The National Oceanic and Atmospheric Administration reported the obvious Friday: cold, snow and ice storms have battered the Eastern states, while parts of the West racked up record or near-record winter warmth.
Weather scientists consider winter to be from the beginning of December to the end of February.
Nevada and Utah had the warmest January on record. It was the second-warmest January in California, Oregon and Arizona. Even Alaska was well above average for the month.
Meanwhile, an atmospheric flow pattern that brought arctic air into the Eastern United States resulted in below average temperatures and snow and ice storms in some areas.
A month after an ice storm left thousands without power in North Carolina, snow ranging from 4 to 12 inches fell across the state on Jan. 23, leaving drifts of 3 to 4 feet on the Outer Banks.
Heavy snows also fell in parts of the Northeast, where Syracuse, N.Y., had more than 100 inches of seasonal snowfall by the end of January. Syracuse normally receives 112 inches per year.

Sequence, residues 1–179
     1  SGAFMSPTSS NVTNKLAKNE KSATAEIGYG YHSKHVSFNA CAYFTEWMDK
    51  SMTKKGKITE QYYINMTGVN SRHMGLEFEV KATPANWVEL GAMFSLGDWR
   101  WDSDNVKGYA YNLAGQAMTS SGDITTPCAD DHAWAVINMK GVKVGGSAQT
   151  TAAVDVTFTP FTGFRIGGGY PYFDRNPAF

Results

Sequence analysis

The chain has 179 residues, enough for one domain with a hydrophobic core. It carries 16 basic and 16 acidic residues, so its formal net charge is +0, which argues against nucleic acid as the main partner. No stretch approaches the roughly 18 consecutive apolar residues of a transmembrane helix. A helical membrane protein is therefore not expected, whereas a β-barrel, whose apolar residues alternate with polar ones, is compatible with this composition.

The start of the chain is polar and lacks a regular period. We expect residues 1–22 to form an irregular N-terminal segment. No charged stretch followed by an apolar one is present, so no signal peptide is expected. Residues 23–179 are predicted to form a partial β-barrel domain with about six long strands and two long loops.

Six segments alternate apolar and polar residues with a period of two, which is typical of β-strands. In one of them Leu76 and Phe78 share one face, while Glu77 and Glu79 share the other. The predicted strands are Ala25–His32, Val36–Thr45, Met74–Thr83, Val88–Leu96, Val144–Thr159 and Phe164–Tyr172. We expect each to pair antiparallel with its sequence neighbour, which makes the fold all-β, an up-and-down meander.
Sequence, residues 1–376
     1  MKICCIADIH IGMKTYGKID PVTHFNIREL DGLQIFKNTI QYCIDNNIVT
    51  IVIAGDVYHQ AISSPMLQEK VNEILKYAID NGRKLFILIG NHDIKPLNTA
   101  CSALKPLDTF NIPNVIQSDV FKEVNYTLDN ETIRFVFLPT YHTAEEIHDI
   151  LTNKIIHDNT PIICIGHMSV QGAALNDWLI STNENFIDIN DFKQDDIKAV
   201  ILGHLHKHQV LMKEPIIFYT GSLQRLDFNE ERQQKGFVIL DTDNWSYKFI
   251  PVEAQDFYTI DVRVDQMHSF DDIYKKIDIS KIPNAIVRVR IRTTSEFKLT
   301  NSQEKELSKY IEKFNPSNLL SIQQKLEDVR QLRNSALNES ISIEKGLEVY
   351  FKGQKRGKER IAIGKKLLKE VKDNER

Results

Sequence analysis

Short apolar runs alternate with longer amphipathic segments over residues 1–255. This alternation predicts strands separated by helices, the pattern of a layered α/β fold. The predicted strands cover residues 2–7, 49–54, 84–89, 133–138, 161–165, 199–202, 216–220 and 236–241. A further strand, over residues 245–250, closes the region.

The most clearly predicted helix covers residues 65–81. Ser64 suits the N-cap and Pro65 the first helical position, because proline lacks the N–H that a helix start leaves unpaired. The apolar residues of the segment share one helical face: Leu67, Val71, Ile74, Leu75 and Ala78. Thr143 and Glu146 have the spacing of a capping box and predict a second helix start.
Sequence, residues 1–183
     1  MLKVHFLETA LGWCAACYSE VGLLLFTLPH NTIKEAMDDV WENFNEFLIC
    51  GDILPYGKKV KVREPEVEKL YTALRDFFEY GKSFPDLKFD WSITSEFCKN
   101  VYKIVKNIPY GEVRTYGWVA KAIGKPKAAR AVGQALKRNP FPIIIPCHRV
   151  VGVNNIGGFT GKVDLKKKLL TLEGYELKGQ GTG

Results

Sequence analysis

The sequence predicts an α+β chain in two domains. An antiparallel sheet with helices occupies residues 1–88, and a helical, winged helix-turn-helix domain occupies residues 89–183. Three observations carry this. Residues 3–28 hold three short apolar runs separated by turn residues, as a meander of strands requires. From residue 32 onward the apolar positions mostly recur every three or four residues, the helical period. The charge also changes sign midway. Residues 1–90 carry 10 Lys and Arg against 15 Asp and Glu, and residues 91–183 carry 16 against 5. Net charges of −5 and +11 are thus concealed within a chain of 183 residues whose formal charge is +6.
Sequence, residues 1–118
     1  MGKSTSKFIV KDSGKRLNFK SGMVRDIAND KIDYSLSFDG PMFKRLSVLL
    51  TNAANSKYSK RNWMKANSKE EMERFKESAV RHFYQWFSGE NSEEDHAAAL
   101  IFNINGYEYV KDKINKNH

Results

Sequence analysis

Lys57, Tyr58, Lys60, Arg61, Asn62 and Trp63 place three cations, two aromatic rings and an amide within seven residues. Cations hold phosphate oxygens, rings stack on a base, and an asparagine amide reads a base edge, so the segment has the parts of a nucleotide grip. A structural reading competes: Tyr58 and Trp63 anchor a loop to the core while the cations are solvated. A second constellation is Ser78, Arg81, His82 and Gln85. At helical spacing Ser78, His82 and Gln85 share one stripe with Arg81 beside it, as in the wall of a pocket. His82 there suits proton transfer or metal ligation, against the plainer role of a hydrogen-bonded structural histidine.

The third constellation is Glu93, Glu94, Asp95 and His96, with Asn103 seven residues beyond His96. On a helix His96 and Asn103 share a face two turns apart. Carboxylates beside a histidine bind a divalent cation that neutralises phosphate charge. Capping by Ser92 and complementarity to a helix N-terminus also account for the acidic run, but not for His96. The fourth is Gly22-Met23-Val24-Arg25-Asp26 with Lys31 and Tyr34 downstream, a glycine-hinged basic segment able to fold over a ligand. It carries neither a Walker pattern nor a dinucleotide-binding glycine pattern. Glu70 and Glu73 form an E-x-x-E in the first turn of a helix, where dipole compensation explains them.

These conditions contrasted sharply to the previous winter, the warmest on record for the region.
NOAA's National Climatic Data Center in Asheville, N.C., said January's average temperature for the contiguous United States was 32.9 degrees, 2 degrees above the 1895-2002 mean but well below the record warm January of 1953 when the average temperature was 37.3 degrees.
December 2002 was the ninth wettest December on record for the contiguous United States. Extremely dry conditions followed as 2003 began, however, and January was the second driest such month since 1895. The most unusually dry region for the two-month period stretched from Colorado to Minnesota, Wisconsin and Michigan.
Warmth and lack of snowfall in the upper Midwest adversely affected winter recreation and entertainment including winter festivals, snowmobiling and skiing.
In January, 39 states were significantly drier than average, with Arkansas, Louisiana, Florida and Minnesota having their driest Januarys on record. Eighteen other states were much drier than average, and the only states with significantly above-average precipitation were Washington and Idaho.
Seasonal snowpack levels also were very low throughout much of the West, raising the prospect that even more widespread and severe drought might occur in the summer of 2003.